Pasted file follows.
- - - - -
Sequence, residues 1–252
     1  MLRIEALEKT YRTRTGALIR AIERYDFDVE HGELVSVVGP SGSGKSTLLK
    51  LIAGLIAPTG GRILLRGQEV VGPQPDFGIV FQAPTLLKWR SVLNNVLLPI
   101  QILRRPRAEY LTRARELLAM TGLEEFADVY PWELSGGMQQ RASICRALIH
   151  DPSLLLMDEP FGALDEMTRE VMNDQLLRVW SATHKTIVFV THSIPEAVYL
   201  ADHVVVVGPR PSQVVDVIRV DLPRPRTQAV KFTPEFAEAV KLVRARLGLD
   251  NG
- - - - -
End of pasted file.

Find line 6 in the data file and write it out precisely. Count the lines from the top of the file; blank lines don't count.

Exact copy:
   201  ADHVVVVGPR PSQVVDVIRV DLPRPRTQAV KFTPEFAEAV KLVRARLGLD